1 1/3 cups unsweetened coconut, toasted

For the Rum Syrup:
2/3 cup water
½ cup granulated sugar
4 teaspoons dark rum

For the Chocolate Icing:
8 ounces bittersweet or semisweet chocolate, chopped
2 tablespoons light corn syrup
3 tablespoons unsalted butter
1 cup heavy cream


1. Make the Cake: Preheat the oven to 350 degrees F. Grease two 9-inch cake pans, then line the bottoms with rounds of parchment paper. Sift together the flour, baking powder, baking soda and salt; set aside.

2. Melt the semisweet and unsweetened chocolates together with the 6 tablespoons of water in a small bowl. Use either a double-boiler or microwave on 50% for 30 seconds to 1 minutes. Stir until smooth, then set aside to cool to room temperature.

3. In the bowl of an electric mixer, beat the butter and 1¼ cup of the sugar on medium-high speed until light and fluffy, about 5 minutes. Reduce the mixer speed to medium and beat in the melted chocolate until combined, scraping the sides of the bowl as necessary. Beat in the egg yolks one at a time, beating well after each addition.

4. Reduce the mixer speed to low and add half of the flour mixture, beating until just combined. Add the buttermilk and the vanilla extract, mixing until combined, and then add the remainder of the flour mixture.

5. In a separate bowl, beat the egg whites on medium-high speed until they hold soft peaks. Slowly add the ¼ cup of sugar and beat until they form stiff, glossy peaks.

6. Using a rubber spatula, gently fold one-third of the egg whites into the cake batter to lighten it, then fold in the remaining egg whites just until there’s no trace of egg white visible.

7. Divide the batter into the 2 prepared cake pans, smooth the tops, and bake for about 45 minutes, until a toothpick inserted into the center comes out clean. Cool the cake layers completely (leave them in the pans). While the cakes are baking and cooling, make the filling, syrup and icing.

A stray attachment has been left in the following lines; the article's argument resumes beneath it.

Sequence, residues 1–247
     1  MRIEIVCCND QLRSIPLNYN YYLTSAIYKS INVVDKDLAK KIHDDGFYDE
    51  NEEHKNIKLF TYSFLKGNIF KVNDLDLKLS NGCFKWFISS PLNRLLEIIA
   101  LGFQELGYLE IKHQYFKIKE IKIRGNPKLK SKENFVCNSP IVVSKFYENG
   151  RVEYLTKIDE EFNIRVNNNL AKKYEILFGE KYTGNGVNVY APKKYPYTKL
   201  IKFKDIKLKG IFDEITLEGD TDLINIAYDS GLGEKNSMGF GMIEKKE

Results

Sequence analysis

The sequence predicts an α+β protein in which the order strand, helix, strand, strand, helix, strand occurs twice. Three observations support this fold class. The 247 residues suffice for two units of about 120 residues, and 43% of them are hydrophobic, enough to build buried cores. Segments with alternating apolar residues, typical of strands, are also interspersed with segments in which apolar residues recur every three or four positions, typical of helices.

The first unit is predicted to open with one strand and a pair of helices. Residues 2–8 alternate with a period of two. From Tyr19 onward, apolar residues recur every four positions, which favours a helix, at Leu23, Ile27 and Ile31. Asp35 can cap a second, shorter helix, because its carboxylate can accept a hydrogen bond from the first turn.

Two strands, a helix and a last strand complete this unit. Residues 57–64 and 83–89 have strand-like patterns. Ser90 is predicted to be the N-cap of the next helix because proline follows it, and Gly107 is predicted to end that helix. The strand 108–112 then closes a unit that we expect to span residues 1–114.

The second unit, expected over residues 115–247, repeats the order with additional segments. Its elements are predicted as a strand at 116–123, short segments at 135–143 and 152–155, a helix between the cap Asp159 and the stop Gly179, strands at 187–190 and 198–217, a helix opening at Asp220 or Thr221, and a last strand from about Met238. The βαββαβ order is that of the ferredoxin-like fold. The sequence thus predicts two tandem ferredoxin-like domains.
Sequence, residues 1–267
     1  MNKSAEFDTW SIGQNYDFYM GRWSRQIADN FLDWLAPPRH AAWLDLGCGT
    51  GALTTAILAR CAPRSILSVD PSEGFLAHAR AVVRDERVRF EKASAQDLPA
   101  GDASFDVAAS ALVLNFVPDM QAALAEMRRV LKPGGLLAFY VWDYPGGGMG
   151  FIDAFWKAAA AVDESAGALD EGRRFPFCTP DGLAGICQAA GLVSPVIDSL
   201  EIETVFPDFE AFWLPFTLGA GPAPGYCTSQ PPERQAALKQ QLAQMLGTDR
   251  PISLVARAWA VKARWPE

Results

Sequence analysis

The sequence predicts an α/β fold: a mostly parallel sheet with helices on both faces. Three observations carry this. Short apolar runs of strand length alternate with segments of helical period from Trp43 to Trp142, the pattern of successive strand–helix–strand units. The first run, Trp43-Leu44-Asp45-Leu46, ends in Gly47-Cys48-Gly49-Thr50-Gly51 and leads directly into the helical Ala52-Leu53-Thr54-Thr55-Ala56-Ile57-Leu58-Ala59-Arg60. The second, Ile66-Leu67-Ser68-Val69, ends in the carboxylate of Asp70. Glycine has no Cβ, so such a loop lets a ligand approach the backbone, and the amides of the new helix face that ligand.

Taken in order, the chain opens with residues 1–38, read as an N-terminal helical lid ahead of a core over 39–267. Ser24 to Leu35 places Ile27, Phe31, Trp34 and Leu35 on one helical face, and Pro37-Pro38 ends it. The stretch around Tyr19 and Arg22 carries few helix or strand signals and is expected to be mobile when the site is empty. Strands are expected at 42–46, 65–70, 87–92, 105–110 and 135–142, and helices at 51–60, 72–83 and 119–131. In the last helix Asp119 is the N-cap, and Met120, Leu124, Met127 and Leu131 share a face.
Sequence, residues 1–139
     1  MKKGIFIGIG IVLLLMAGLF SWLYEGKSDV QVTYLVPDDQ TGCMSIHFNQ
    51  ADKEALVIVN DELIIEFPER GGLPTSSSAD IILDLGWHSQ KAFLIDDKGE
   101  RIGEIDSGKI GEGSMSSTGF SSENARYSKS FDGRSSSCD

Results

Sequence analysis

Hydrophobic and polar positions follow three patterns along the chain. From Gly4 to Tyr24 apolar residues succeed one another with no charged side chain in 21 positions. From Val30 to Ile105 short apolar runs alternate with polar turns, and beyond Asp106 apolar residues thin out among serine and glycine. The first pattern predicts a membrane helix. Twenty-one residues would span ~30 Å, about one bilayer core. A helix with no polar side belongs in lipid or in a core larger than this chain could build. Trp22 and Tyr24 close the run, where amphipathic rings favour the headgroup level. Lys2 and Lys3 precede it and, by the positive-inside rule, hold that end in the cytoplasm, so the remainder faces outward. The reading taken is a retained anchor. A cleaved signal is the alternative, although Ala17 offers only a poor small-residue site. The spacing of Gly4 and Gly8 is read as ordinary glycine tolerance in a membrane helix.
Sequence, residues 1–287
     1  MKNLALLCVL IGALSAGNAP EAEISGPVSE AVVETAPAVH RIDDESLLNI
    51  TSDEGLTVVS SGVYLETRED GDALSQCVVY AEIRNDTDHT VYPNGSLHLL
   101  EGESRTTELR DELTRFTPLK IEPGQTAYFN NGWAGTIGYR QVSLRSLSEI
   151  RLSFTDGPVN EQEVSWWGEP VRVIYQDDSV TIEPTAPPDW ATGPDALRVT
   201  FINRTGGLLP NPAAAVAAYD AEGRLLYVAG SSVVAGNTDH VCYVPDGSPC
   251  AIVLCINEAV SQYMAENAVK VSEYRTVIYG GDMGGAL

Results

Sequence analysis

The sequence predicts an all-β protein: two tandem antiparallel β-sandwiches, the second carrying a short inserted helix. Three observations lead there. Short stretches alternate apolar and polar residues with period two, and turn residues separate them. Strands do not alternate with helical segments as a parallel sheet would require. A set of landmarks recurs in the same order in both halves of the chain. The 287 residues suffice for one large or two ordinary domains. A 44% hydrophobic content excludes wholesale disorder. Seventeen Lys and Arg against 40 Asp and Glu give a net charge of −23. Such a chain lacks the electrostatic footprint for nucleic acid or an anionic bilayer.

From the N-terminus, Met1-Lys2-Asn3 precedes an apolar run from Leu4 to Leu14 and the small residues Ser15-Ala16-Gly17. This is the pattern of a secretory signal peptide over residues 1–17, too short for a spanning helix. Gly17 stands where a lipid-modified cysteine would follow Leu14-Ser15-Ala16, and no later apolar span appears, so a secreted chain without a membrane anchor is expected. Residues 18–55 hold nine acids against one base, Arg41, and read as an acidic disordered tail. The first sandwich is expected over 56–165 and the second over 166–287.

8. Make the Filling: Stir together the heavy cream, sugar and egg yolks in a medium saucepan. Put the butter, salt, pecans and coconut in a large bowl and set aside. Heat the cream mixture and cook, stirring constantly (scraping the bottom of the pan as you stir) until the mixture begins to thicken and coats the back of a spoon (an instant-read thermometer will read 170 degrees F.). Pour the hot custard immediately into the pecan-coconut mixture and stir until the butter is melted. Cool completely to room temperature.

9. Make the Rum Syrup: In a small saucepan, heat the water and sugar, stirring occasionally, until the sugar has melted. Remove from heat and stir in the dark rum. Set aside until ready to use.

10. Make the Chocolate Icing: Place the chopped chocolate, corn syrup and butter in a medium bowl. Heat the cream in a small saucepan over medium heat until it just begins to boil. Remove from heat and pour over the chocolate. Let stand one minute, then stir until smooth. Cool to room temperature.

11. Once the filling and icing are both cooled to room temperature, refrigerate for 1 hour.

12. Assemble the Cake: Remove the cake layers from the pans and cut both cake layers in half horizontally using a sharp serrated knife, so you have four cake layers. Set the first cake layer on a cake plate. Brush the top of the cake layer with the rum syrup. Spread ¾ cup of the coconut filling over the cake layer, making sure to reach to the edges. Set another cake layer on top. Repeat, brushing the top of each cake layer with the rum syrup, then spreading ¾ cup of the coconut filling over each layer, including the top. Ice the sides with the chocolate icing, then pipe a decorative border of chocolate icing around the top, encircling the coconut topping.